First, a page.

She absolutely loved it! I had expected to only stay a few moments, but we stayed the whole first act. She wanted to stay longer, but I didn't want to push our good luck. So that is how she started going to opera and then Shakespeare at such an early age. She adored them & behaved, so we kept going even though she was the only child in the audience and most people there were old enough to be my parents.Upon a friends advice,  I even bought her a bunch of opera videos from the Met in NYC  which she relished like most kids her age loved Barney.

She was and is an extremely active child, so you can imagine what my seat mates thought when I sat down with her at a very expensive performance. They looked horrified! She needs to move, so I always let her move as much as she needed before lights out and that really made them nervous. But time after time, they were always amazed at how intense she was about watching the shows and were always stunned and profusely complimentary at the intermission and after the show.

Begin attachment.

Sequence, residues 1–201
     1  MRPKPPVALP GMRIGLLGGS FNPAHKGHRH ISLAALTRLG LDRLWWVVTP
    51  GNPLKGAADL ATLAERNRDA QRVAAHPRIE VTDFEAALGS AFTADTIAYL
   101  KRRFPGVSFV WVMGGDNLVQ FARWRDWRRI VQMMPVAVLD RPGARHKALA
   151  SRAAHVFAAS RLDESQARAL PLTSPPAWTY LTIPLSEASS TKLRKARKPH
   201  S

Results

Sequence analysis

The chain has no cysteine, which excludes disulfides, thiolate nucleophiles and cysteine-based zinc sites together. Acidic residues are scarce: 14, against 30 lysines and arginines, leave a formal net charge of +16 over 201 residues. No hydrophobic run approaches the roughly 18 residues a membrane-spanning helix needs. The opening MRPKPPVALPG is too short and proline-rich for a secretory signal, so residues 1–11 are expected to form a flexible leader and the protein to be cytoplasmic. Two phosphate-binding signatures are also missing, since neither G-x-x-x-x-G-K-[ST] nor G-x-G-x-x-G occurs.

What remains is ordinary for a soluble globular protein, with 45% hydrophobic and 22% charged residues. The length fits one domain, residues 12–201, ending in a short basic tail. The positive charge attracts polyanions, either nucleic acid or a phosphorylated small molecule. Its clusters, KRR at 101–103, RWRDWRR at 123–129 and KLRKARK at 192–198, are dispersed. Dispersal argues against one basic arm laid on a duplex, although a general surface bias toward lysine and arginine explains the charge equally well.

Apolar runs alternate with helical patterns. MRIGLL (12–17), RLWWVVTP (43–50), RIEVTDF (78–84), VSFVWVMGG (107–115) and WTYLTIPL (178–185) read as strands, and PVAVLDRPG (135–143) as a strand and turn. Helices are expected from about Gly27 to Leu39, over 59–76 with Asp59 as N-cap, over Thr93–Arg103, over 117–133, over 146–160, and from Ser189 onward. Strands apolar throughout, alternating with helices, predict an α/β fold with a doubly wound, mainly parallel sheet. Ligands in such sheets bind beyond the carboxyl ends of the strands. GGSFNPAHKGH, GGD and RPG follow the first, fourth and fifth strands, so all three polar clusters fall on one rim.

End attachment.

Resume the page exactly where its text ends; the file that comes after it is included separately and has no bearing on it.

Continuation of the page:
I think she was better at two in some ways than she is today, perhaps because it was all still so new to her. We often went to smaller venues, so she would luck out and get held by "Carmen", "Madame Butterfly" or "Hansel and Gretel" after the performances and we usually got front row seats. She doesn't have the same passion for opera that she did as a toddler, but she still loves opera and Shakespeare and performances of all kinds.Thus with this background, you can understand why King Lear at the Globe was particularly exciting to us. (We're really looking forward to seeing more this year in Vienna and Budapest.)